The practice of medicine was fundamentally changed by the laboratory in the nineteenth century. The use of the laboratory allowed practitioners to provide precise diagnosis and treatment in areas such as bacteriology. Louis Pasteur of France injected animals with a weak strain of a bacterium of a disease and created vaccinations from his studies in the laboratory and tests on animals showed positive results. The experimentation of animals was the only time a physician could “…achieve true medical science’ (Source Book 2, p.68) remarked physiologist Claude Bernard in an 1865 essay. Even though Pasteur researched rare diseases such as anthrax he paved the way for physicians such as Robert Koch who discovered the bacteria of tuberculosis which in this period was a major killer of the period. These discoveries lead to tests of tuberculosis vaccine therapies and allowing treatment of the disease. The creation of these vaccines to aid the practice of physicians was greatly ameliorated by the study of microorganisms causing...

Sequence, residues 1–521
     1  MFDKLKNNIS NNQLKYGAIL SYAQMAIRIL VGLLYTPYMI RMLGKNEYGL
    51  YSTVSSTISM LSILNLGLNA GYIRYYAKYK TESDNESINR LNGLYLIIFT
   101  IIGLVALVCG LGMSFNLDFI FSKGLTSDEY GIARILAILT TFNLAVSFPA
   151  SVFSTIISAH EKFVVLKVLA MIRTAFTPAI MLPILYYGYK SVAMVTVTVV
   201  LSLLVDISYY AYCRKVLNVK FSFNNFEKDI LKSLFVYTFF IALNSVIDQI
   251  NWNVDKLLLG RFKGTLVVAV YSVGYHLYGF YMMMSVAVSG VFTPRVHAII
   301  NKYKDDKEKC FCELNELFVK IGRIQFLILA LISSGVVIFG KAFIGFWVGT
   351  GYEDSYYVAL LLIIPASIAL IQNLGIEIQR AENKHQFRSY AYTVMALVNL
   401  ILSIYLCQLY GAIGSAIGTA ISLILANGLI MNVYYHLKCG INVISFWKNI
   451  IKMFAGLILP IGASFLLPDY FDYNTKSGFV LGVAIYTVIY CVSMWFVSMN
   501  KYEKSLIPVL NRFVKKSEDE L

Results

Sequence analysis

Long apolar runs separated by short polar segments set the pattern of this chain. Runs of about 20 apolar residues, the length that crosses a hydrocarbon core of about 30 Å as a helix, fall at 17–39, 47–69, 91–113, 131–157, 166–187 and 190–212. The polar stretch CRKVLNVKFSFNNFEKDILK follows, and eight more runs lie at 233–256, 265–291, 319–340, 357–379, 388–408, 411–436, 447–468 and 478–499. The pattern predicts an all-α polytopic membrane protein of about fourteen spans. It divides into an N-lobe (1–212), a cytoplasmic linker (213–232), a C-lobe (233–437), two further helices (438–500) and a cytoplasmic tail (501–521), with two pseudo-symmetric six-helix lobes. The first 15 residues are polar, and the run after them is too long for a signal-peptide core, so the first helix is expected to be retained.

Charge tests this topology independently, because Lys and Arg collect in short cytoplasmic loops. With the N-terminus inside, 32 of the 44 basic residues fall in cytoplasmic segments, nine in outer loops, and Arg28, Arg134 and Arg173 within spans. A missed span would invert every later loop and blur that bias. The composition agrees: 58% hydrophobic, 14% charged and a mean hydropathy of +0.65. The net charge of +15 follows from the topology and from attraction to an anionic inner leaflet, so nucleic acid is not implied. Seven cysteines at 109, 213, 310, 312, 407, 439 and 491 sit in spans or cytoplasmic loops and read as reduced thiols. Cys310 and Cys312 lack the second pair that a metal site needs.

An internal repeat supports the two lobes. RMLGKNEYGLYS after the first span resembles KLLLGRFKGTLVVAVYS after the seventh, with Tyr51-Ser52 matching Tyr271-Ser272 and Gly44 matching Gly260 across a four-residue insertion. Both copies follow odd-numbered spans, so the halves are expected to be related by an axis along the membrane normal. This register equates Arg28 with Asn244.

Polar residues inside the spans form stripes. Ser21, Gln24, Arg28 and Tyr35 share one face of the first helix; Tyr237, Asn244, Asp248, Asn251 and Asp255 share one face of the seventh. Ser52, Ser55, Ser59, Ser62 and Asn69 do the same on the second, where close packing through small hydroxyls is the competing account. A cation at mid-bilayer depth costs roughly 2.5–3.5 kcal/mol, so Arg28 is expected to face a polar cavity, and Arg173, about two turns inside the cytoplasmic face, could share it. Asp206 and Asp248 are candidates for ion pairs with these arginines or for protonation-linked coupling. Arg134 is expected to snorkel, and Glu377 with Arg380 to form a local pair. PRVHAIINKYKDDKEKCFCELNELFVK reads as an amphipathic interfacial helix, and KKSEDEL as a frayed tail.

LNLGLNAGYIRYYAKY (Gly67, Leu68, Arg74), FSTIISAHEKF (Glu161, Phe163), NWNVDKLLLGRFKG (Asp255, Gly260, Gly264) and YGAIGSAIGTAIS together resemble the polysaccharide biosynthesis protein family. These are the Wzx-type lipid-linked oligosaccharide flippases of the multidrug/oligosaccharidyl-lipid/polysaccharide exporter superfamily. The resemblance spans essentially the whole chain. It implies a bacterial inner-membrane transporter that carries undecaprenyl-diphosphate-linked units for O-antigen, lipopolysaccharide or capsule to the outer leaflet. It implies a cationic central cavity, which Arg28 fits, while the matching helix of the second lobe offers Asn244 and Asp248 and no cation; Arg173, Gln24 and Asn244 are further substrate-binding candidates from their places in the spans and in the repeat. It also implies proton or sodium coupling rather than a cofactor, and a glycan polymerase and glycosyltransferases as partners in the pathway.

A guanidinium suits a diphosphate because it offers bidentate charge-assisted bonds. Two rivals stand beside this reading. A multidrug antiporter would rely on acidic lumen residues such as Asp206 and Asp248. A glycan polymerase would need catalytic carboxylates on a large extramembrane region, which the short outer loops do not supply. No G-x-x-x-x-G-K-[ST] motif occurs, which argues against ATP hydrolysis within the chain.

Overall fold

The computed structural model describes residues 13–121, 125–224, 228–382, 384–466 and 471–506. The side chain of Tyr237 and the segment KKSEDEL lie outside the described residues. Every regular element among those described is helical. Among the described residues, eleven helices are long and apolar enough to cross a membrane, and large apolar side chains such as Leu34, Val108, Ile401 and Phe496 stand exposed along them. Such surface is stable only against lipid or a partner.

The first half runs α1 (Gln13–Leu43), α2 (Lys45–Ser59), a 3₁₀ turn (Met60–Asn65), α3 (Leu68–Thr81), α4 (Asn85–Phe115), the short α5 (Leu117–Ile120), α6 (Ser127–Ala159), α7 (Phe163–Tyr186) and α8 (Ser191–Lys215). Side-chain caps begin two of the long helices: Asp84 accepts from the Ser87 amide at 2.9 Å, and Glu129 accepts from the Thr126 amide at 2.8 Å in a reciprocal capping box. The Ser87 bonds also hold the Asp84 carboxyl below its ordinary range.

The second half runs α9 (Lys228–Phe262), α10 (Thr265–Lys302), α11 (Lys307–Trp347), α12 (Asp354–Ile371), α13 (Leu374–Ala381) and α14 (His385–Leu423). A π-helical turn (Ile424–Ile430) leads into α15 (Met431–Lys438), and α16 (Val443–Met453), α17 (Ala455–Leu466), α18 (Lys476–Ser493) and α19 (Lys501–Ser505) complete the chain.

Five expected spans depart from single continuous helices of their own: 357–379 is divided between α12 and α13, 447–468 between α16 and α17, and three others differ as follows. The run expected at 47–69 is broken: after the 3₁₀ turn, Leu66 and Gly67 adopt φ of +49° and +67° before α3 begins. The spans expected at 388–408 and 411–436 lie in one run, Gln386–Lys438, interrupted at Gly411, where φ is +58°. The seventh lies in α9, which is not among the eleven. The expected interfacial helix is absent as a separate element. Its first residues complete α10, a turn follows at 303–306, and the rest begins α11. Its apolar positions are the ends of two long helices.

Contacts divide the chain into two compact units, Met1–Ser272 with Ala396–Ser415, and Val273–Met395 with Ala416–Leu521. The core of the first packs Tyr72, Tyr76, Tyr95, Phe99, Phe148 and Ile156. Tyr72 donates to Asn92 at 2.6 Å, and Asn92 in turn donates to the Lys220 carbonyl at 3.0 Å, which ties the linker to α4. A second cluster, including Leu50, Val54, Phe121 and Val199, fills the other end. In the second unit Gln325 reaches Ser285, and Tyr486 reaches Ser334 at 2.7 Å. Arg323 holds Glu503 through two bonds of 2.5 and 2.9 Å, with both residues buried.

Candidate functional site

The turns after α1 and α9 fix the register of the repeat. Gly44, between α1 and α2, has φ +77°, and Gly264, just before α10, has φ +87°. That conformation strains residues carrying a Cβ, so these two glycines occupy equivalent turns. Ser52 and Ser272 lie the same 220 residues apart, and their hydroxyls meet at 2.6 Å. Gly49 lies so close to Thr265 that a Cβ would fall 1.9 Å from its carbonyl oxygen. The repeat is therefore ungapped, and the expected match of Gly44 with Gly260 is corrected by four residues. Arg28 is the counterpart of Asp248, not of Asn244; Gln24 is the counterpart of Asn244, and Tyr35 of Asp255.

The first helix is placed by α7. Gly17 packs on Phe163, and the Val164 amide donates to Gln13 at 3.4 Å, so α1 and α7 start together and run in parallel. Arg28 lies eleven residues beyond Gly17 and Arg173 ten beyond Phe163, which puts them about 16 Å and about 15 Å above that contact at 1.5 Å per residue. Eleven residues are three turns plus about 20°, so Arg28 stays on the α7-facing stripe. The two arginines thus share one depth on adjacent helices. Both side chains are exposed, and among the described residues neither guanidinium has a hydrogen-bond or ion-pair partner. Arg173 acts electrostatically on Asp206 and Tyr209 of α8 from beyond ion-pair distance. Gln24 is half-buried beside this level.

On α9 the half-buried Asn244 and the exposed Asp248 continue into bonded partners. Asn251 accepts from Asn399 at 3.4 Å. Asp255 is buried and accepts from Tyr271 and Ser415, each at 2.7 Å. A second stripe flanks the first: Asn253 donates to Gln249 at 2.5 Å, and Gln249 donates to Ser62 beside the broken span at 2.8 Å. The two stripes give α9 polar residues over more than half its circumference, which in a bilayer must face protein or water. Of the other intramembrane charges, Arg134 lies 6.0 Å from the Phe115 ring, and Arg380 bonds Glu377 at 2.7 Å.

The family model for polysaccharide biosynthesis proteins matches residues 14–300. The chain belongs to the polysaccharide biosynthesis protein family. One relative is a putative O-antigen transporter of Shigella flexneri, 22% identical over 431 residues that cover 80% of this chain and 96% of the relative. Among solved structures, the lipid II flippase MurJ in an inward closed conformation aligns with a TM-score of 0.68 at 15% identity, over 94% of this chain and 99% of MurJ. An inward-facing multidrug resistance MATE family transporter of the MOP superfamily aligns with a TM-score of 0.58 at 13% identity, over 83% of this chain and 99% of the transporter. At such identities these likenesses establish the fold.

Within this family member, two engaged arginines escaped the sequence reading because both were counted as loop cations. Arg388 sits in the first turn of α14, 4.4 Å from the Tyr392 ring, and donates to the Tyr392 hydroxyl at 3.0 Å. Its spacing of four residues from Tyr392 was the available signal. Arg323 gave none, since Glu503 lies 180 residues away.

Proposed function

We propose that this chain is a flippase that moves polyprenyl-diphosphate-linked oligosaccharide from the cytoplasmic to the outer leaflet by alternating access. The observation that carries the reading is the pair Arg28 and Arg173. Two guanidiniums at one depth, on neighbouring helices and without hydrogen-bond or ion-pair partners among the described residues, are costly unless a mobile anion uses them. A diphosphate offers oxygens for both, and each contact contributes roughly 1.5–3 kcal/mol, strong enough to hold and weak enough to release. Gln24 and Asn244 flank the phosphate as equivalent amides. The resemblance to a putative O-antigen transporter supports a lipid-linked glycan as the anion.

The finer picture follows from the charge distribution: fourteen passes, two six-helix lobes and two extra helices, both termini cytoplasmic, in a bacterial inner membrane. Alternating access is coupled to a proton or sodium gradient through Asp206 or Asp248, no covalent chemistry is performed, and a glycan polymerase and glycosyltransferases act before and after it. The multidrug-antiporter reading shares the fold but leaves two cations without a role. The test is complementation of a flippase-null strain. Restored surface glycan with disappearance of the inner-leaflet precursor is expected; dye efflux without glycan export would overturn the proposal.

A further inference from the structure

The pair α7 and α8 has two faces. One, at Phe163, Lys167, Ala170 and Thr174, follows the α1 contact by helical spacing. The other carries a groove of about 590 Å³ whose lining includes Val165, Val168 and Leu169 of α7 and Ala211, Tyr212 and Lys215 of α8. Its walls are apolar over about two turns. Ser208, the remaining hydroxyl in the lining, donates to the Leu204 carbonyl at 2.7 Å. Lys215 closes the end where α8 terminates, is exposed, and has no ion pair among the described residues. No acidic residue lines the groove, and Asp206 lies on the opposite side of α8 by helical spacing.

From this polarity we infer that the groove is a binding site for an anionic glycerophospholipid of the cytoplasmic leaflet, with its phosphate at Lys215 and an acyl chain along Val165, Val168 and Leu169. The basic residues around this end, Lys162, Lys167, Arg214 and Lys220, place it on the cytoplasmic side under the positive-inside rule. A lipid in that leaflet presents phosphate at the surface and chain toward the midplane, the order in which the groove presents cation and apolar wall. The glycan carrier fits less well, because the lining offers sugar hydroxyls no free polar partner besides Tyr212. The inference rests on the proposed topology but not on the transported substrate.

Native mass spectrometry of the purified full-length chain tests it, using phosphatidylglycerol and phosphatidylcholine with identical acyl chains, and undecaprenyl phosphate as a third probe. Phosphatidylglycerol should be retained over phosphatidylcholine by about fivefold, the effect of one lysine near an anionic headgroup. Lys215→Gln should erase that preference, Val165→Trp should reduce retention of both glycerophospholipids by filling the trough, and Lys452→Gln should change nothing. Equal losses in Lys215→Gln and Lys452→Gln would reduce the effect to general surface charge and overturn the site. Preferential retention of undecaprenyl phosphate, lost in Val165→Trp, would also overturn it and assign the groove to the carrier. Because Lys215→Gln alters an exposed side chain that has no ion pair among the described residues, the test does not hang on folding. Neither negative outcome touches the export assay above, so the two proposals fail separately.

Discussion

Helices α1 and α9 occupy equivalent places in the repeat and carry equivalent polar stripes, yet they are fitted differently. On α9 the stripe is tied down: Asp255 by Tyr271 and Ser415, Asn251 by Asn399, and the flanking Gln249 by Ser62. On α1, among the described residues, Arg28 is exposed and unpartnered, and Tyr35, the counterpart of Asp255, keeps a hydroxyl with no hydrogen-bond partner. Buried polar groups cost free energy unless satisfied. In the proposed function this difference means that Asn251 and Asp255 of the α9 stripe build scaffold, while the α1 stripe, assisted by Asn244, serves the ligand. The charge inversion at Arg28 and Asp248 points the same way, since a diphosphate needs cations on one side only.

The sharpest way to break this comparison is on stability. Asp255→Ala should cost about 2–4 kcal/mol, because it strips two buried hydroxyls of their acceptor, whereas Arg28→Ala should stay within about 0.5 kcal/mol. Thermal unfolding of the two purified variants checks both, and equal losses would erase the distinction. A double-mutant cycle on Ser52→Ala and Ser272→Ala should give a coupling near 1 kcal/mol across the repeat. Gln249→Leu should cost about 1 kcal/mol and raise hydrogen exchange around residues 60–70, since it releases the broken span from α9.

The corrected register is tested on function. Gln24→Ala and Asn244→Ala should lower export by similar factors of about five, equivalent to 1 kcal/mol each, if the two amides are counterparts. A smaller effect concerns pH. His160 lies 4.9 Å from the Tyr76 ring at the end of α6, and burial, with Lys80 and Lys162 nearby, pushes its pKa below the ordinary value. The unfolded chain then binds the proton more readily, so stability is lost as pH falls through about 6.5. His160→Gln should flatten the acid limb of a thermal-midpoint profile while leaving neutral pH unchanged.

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...y in Europe 1800-1930: A Source Book, Manchester: Manchester University Press, extract 4.4, pp.81-85
• Brunton, D. (ed) (2004), Health, Disease and Society in Europe 1800-1930: A Source Book, Manchester: Manchester University Press, extract 4.5, pp.85-89
• Jacyna, LS. (2004) ‘The Localization of Disease’, in Brunton, D. (ed.) Medicine Transformed: Health, Disease and Society in Europe 1800-1930, Manchester: Manchester University Press, pp.1-30.
• Mommd: Connecting Women in Medicine (2012), ‘Looking back over the history of women in medicine’, available from http://www.mommd.com/lookingback.shtml (Accessed 29th February 2012)
• Porter, R. (1999) The Greatest Benefit to Mankind: A Medical History of Humanity from Antiquity to the Present, London: Fontana Press, pp380-582.
• The Open University (2004), A218 Plate Book for Book 2, Milton Keynes, The Open University
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